As remote work becomes more prevalent among engineers, success requires the key building blocks of workspace communication and mindset, said Darren Murph, global head of remote for GitLab. Murph was one of three engineering leaders who shared insights and perspectives on the future of remote work and remote software engineering during a recent panel hosted by Dev Interrupted and moderated by Dan Lines, chief operating officer and co-founder of LinearB.
SEE: What’s the best work environment for engineers: home or office? (TechRepublic)
“Be very intentional about your organizational design” just as organizations have traditionally done for colocations, Murph advised. While a lot of companies have shifted to remote work, they continue to have an “office first” mentality, he said.
The Gitlab platform is used for all collaboration and enables the company to get rid of organizational silos and encourage virtual collaboration, Murph said. It provides a single source of truth with maximum efficiency, he said.
Murph recalled being asked by a chief people officer how to make remote meetings better. His response? “Make them harder to have,” he said. “Ideally, you want as few as possible using asynchronous tools and then reserve synchronous meetings for making decisions.”
As teams become more distributed this becomes even more important, Murph said.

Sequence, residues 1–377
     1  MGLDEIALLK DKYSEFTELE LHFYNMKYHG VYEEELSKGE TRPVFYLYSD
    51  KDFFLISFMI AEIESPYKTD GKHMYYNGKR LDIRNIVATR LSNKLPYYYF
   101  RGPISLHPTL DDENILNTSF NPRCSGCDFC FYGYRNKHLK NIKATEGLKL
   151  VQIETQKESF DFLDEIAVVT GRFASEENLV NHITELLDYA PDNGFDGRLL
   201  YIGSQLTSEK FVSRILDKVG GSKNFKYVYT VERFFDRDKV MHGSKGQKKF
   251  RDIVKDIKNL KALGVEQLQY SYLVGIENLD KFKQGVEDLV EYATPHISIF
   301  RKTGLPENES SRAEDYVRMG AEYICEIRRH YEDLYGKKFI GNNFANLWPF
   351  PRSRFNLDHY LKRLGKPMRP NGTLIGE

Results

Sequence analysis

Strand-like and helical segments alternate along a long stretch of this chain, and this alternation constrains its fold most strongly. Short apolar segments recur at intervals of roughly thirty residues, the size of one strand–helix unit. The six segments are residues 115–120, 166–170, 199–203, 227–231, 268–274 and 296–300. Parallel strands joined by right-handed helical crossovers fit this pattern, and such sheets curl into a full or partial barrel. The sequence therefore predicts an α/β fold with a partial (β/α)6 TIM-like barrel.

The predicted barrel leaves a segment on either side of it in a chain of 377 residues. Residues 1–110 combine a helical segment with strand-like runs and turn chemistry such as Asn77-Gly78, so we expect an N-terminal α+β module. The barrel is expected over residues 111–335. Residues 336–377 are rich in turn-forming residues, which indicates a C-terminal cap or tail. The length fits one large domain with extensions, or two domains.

Lawrence Mandel, director of engineering at Shopify, said the company is now 100% remote and leadership has made an effort to utilize tools to drive efficiency, such as Slack Huddles. Slack Huddles offer audio-only calls, allowing greater freedom, Mandel said.
Leadership should also adopt a mindset of protecting focus time, he said. “When we saw that wasn’t happening, leadership mandated ‘meeting free Wednesdays,'” he said. But if leadership doesn’t enforce this, meetings will bleed back in, he added.
Chris Downard, vice president of engineering at GigSmart, said that when the company went fully remote, he knew it was important to keep people “in sync” and his strategy was to create a Zoom meeting that offers “coffee talks,” and the first person who joins makes a list of breakout rooms focused on projects and various committees.
There are also “a couple of random breakout rooms that simulate small conference rooms in an office,” he said. That way, people “can roll in and out as you see fit.”
Collaborations went up in the coffee talk rooms, where issues like planning and production troubleshooting occurred. There was a “command and response room” created. The rooms are designed to make people feel like they are sitting next to someone in an office if they want. “It keeps people bonded,” Downard said.
Equinix’s senior director of engineering, Shweta Saraf, said they want to make sure each employee is able to contribute efficiently and effectively, regardless of their location. She agreed that reducing meetings has to have a commitment from the highest leadership. The company focuses on asynchronous communications because there are engineering teams around the world. “I think the key difference is we try to be remote-first, versus remote-friendly,” Saraf said.
The speakers also discussed how to make remote engineering teams more effective, noting that it can be a challenge to understand where issues such as delivery bottlenecks are in remote teams. Saraf, who led a fully remote team at Packet before its acquisition to Equinix, said they start every Monday with a meeting, during which every department goes through different metrics and explains why numbers went up or down.